11. Oct 4, 2008 #10
    What does the rod look like?
     
  12. Oct 4, 2008 #11

    Doc Al

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    Like a limp piece of spaghetti as it is bent into the hole. :smile:
     
  13. Oct 4, 2008 #12
    If you are saying the hole is shorter than the rod when they are together and no relative motion, what you are describing will never happen.
     
  14. Oct 4, 2008 #13

    Doc Al

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    Why is that? If the rod is moving fast enough, it will be shorter than the hole diameter in the hole frame.
     
  15. Oct 4, 2008 #14
    Phrak, I think I know what you are getting at.

    From an observer on the surface, the rod and surface remain parallel and the contracted rod passes thru the hole without incident. From an observer on the rod, the rod and surface are not parallel and this fact allows the uncontracted rod to again pass thru the hole without incident.

    If this is also your opinion, I don't think you will get much support for it in this forum.
     
  16. Oct 4, 2008 #15
    The observer is not on the rod. But could you explain what you mean?

    Support?? I'm not running for office, and I'm not selling anything, I swear. But if you're in the market I can get help you get some prime Wet Lands in Florida. But no---that wouldn't be right. Watch yourself, it's a concrete Rain Forest out there.
     
    Last edited: Oct 4, 2008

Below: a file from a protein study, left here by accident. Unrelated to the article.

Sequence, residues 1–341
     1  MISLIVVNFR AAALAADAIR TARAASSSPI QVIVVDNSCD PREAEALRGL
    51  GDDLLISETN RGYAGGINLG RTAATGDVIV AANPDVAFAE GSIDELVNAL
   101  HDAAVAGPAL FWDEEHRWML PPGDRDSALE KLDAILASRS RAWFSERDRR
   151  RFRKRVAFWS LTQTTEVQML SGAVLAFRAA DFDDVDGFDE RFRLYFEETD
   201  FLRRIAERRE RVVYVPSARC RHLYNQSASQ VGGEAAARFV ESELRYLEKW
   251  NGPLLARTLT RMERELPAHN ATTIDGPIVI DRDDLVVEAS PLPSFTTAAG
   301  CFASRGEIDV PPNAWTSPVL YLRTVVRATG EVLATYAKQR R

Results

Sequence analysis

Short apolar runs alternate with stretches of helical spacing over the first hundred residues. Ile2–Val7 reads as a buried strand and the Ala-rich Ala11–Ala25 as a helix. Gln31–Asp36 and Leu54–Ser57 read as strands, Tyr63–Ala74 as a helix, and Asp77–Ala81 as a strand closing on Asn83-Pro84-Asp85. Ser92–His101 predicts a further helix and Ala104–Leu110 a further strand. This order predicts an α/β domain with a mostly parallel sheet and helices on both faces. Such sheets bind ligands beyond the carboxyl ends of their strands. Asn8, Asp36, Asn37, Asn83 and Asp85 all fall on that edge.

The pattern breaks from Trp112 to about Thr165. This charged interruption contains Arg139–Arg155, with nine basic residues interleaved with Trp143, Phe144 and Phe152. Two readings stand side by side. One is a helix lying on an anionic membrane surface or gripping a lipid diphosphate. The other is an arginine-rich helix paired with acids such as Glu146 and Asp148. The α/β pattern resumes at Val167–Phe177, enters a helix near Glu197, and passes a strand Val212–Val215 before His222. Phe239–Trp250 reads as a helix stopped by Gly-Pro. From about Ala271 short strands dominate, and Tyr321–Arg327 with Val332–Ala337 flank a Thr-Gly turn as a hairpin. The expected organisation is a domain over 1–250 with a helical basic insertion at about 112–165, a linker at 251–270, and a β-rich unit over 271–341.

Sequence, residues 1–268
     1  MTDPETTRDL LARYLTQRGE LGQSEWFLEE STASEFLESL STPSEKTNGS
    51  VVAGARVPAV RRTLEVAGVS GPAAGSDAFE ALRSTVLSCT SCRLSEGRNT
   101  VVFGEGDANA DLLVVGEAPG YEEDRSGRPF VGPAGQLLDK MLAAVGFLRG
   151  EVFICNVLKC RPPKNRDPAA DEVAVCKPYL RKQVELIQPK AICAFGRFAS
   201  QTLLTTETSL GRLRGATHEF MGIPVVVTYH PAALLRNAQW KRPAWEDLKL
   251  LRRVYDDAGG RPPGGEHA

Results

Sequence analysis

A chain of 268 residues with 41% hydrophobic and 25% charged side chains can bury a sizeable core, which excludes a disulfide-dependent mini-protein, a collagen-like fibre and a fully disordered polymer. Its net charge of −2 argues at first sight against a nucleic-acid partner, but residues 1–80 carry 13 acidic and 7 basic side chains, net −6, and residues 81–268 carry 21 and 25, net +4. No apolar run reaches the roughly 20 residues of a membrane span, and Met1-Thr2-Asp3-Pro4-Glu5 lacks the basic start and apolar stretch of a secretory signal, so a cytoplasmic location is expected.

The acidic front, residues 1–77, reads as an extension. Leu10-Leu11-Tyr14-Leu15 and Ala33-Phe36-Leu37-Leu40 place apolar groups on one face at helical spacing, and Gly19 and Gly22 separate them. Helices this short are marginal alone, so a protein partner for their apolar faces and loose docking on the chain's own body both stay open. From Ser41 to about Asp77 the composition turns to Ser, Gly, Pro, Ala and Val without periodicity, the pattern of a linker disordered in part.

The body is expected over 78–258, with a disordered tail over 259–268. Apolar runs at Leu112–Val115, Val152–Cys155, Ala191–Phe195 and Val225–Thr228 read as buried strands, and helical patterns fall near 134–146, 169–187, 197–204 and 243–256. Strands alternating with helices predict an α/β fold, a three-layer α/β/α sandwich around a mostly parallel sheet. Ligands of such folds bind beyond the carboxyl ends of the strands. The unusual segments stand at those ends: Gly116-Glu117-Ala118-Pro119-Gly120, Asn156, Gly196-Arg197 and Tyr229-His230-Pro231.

17. Oct 4, 2008 #16
    What does the rod look like?
     
  18. Oct 4, 2008 #17

    Dale

    Staff: Mentor

    I thought granpa already described how it would look quite well. Perhaps you could be more specific on the form of the answer you are seeking. Otherwise, from what I can tell it has already been provided.
     
  19. Oct 4, 2008 #18
    "...wouldn't be parallel" can mean a lot of things.

    But Doc Al had something to say about spaghetti.
     
  20. Oct 5, 2008 #19

    Dale

    Staff: Mentor

    Then do you want the angle that it goes through the hole at? You haven't given enough information to specify that, so I think granpa's statement is the best you can do. If you want any more detail you will have to exactly specify everything in one frame and then simply transform it to any other frame you like.
     
  21. Oct 5, 2008 #20
    Dale, as far as I can tell granpa could, and probably was talking about a stright rod.

    In the inerial frame of the observer the rod remains parallel to the hole. Then, necessarily, the rod cannot be ridgid (Doc Al's oblique reference to spaghetti).

    In the inerital frame, in the initial trajectory of the rod, the rod is mechanically deformed as it is pushed through the hole. The leading and trailing ends remain parallel to the plane, above and below it.

    The rod has an lazy sigmiodal bend over the hole, as the force pushing it through the hole propagates from front to rear.
     
    Last edited: Oct 5, 2008